30 Jun 2016, 10:27

[Reddit] Intersection Types

Snipped and backdated from a Reddit comment of mine.

Using intersection with primitive types not make any sense since there is no common type.
(In type theory, this is called the bottom type.)

Now, an example of where intersection types would actually be useful is with struct or record types that you can combine togeather (i.e. “I want a type that has all properties in type A and all properties in type B”.)
This allows for sort of strongly typed duck typing so to speak. (Aside: you could also apply this same concept with OOP interfaces or something like Haskell’s typeclasses too.)

Elm’s “extensible records” gives you an idea of how this would work. It wouldn’t call these actual intersection types, so I’ve changed the syntax and semantics a bit for demo purposes.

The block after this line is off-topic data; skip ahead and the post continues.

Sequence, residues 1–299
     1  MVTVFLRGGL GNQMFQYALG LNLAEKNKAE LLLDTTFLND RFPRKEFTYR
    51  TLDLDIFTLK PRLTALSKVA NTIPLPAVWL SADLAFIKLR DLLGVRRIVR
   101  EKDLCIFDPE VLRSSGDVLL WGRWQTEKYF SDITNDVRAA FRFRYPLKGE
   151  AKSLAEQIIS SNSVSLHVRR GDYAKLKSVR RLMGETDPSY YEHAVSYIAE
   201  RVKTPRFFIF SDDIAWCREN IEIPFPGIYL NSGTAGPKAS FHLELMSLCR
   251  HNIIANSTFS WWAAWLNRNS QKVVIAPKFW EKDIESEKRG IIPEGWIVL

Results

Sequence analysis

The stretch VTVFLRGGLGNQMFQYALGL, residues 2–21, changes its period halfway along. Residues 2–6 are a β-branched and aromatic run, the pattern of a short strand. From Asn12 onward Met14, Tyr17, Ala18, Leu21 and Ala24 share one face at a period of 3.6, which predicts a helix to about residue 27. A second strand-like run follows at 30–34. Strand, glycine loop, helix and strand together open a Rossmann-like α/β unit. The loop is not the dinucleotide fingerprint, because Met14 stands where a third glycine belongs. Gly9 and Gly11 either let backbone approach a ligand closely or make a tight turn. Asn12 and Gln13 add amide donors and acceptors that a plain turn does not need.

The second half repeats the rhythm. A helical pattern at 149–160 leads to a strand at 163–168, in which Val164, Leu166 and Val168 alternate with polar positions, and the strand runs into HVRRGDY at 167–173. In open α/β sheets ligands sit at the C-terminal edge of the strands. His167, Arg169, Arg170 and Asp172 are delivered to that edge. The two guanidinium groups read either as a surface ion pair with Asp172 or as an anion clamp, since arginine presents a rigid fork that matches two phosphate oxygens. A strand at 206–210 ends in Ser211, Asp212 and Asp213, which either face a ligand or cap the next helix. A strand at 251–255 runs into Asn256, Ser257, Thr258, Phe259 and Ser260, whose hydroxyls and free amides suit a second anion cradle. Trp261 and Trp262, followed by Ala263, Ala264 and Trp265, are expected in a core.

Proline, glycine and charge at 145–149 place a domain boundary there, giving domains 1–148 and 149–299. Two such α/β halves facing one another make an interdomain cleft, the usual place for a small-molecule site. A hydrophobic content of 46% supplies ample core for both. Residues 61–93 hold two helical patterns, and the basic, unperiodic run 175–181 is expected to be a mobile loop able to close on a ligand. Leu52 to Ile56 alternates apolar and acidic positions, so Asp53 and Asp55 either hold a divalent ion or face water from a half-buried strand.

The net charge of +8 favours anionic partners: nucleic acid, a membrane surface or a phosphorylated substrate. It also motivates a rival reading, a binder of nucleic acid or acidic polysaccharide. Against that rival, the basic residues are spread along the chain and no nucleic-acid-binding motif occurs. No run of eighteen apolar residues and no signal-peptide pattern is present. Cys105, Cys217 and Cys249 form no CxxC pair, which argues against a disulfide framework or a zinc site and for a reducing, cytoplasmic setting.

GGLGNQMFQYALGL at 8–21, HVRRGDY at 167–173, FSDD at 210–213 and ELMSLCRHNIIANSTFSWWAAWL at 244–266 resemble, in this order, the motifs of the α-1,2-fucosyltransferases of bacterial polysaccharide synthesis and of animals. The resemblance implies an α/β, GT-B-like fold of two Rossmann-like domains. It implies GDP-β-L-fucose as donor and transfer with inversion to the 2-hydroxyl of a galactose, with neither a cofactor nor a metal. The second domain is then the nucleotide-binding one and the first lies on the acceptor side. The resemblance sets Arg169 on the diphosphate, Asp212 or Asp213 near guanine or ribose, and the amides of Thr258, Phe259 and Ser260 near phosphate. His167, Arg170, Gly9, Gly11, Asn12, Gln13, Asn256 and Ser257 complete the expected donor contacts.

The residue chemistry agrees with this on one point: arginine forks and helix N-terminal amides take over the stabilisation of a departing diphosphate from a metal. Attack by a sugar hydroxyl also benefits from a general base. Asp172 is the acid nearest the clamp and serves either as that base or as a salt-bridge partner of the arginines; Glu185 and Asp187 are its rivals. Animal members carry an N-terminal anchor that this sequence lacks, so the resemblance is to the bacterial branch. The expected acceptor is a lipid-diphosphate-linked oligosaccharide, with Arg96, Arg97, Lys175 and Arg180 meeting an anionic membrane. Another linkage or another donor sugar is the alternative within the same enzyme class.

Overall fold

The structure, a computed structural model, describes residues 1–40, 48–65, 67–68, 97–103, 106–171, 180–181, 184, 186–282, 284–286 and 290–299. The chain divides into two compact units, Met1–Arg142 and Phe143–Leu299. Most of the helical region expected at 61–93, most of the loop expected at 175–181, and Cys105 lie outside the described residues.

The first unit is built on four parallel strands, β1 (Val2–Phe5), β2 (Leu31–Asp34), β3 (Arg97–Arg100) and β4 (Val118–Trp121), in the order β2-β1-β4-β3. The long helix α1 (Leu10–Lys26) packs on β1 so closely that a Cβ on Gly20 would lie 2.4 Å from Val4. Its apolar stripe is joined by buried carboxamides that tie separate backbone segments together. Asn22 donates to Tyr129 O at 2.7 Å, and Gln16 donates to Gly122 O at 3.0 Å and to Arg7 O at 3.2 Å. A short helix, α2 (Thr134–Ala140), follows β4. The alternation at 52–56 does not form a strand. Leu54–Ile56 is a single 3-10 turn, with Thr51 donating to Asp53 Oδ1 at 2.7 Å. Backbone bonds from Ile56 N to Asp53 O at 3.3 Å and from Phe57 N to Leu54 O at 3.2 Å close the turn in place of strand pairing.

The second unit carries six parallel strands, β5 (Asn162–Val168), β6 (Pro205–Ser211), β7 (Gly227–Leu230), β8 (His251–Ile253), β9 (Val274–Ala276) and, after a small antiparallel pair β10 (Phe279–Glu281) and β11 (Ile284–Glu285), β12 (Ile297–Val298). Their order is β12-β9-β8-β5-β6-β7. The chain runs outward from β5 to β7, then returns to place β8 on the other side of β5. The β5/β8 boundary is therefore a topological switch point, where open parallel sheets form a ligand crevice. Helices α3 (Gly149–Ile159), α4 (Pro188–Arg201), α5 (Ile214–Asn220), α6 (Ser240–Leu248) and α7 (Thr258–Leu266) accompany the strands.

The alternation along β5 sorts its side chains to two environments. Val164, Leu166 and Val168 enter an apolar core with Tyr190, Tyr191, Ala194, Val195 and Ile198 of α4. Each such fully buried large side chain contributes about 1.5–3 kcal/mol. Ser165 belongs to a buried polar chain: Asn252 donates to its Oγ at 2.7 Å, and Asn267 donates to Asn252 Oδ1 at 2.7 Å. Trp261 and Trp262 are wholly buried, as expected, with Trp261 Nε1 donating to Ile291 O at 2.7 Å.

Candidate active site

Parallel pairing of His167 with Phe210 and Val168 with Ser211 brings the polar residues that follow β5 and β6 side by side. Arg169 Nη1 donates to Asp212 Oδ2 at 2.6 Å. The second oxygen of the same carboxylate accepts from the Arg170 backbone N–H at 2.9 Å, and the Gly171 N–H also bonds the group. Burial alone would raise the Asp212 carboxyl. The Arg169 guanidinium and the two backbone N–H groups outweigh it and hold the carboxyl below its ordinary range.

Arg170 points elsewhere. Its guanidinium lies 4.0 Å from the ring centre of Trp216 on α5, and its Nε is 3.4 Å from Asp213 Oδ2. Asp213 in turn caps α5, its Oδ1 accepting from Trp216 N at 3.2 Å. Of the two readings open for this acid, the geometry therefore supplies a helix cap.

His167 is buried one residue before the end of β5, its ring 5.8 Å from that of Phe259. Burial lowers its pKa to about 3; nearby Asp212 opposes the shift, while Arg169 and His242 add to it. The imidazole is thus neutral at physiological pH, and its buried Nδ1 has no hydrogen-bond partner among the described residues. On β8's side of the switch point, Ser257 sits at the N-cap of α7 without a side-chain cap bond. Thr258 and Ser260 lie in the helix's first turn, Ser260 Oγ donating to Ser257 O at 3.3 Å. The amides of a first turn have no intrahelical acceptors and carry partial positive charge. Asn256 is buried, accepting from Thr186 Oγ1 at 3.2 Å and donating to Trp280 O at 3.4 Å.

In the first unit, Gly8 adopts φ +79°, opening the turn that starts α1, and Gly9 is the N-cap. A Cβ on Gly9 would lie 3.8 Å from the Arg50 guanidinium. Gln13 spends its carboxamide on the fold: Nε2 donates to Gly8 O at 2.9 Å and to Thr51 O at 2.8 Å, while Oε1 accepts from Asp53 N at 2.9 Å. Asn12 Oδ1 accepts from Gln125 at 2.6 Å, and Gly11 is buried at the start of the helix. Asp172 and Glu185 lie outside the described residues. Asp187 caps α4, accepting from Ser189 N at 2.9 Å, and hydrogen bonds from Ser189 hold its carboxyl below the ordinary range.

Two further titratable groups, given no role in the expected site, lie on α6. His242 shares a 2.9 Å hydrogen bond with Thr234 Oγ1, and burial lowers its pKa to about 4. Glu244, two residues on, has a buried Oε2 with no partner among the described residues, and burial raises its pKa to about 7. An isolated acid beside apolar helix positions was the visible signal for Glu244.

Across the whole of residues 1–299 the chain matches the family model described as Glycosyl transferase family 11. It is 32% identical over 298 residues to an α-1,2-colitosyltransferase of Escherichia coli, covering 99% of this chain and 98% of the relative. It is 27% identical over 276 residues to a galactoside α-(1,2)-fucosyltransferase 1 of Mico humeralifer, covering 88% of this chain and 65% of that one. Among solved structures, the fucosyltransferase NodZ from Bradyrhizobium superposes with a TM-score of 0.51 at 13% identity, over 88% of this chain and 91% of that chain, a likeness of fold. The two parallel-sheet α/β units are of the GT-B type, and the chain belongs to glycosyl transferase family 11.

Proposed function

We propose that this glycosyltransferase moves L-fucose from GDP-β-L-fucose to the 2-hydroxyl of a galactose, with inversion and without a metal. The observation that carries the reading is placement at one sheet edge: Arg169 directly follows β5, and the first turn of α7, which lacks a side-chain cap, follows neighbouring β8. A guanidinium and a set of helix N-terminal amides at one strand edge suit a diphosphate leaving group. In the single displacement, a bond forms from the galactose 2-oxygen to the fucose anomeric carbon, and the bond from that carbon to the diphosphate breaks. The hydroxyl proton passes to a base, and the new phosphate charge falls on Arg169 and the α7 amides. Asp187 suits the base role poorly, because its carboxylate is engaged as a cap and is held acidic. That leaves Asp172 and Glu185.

So let’s say you’re writing a game in said modified Elm syntax and define the following record types:

type Positioned = { x: Float, y: Float }

type Named = { name: String }

type Moving = { velocity: Float, angle: Float }

And let’s say you define some entities as:

sword : Named & { damage: Int }
sword =
  { name = "Excalibur"
  , damage = 9001

player : Named & Positioned & Moving
player =
  { name = "Sir Lancelot",
  , x = 0
  , y = 0
  , velocity = 42
  , angle = degrees 30

In other words…

The type of sword is the intersection of:

  • record type Named
  • (and) an anonymous record type of { damage: Int }.

The type of player is the intersection of:

  • record type Named
  • (and) record type Moving
  • (and) record type Positioned.

If we combine the intersections, the “evaluated” or “absolute” types could be written as:

sword : { name: String, damage: Int }

player : { name: String
         , x: Float
         , y: Float
         , velocity: Float
         , angle: Float

Hopefully, this contrived example illustrates how intersection types could prove to be useful…